Saturday, March 29, 2008

End of the road for the cul-de-sac? - Toronto Star

I don't think you could call this article fair and balanced, but I was very pleased to see this published in today's Toronto Star. We need to take a critical look at how we plan our road network, as it influences the transportation options we have and affects how sustainable our communities will be. The cul-de-sac may be a "suburban icon," but as the article states, a deeper look reveals that it isn't as great as we might think. 

To quote from it:
Cul-de-sac began as an old French hunting term: It translates, literally, as "bottom of the bag "– where snared rabbits were shoved, face down, to keep in the dark and restrict their motion.

The meaning soon morphed into impasse: a dead end. And that pretty much describes how progressive planners and environmentalists now view the cul-de-sac as a system for organizing residential subdivisions. They consider it a dead end of planning that immobilizes its inhabitants in suburban mindlessness.

Among the alleged sins:

Cul-de-sacs consume vast amounts of land.

They create car-dependent zones whose inhabitants spew four times as many greenhouse gas emissions as downtown dwellers. All that driving creates traffic congestion as all those vehicles pour on to a limited number of collector roads.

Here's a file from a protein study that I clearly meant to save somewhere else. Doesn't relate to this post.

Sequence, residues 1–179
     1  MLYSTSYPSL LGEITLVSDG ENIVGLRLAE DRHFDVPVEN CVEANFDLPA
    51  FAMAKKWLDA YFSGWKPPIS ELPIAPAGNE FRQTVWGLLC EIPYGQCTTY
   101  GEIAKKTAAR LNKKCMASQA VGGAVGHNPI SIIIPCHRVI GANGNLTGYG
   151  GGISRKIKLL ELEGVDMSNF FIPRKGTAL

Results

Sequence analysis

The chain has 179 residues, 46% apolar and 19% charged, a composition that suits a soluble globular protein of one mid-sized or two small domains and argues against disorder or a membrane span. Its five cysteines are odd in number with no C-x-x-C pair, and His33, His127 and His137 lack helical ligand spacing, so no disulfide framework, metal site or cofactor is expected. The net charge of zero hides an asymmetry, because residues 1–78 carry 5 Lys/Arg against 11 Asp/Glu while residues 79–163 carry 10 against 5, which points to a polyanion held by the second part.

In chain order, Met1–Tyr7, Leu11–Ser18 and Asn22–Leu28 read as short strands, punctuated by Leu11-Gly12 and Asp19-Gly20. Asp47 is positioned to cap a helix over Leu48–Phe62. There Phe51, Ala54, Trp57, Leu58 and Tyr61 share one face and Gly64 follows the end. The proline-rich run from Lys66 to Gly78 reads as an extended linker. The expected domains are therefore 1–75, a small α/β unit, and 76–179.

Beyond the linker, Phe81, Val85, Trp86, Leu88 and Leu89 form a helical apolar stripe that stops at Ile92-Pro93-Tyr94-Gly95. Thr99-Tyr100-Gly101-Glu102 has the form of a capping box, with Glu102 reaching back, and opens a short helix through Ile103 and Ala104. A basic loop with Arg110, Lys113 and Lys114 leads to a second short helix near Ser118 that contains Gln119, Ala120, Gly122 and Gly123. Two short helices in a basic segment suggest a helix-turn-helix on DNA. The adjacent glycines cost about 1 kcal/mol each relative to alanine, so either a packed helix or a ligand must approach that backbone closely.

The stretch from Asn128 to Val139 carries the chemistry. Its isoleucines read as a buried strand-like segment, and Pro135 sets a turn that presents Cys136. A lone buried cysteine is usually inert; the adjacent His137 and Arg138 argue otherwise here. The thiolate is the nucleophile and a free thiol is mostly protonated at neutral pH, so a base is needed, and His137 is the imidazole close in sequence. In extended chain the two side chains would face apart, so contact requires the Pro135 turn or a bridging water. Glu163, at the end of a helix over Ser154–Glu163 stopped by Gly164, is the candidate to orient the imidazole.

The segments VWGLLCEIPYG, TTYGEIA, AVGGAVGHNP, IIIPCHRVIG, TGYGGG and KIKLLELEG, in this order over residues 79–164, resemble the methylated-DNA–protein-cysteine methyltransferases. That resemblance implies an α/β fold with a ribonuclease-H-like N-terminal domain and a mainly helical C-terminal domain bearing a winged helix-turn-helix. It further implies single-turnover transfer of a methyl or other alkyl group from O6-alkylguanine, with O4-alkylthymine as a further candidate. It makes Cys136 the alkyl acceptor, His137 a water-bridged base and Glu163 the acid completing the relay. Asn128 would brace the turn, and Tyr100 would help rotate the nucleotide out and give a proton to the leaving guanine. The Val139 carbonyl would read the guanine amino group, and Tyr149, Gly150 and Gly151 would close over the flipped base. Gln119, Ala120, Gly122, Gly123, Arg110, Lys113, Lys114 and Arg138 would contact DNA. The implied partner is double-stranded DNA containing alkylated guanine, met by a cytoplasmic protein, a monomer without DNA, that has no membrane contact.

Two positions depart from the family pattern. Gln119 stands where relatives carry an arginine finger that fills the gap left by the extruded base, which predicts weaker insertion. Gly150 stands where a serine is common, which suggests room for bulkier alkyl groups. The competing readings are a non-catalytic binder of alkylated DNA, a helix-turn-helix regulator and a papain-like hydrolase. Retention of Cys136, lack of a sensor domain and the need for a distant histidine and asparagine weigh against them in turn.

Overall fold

Since residents spend so much time behind the wheel, abdominal spare tires quickly replace six-packs. A widely quoted American study concluded that people on cul-de-sacs weigh nearly three kilograms more than those in traditional grid neighbourhoods of straight streets and right-angle intersections.

Isolated and insular, they become cesspools of self-absorption and pettiness that turn their backs on the wider world. "People who live in a cul-de-sac are out of touch with the rest of their community and most likely do not know much about the folks who live behind the fences of their blocked-off streets," complains a recent report from the American Planning Association.

They inspire crime: A British study says the burglary rate is 30 per cent higher.

They add to the difficulty and cost of firefighting, snow plowing and other municipal services.

This is a heavy burden to lay on a simple arrangement of roads and houses, but it's having an effect. The cul-de-sac is being restricted or banned in municipalities across North America. In Britain, the likes of Prince Charles and former prime minister Tony Blair have called for it to be dumped to the bottom of the bag, forever.
This is a good read, and might make you think twice about where you purchase your next house.



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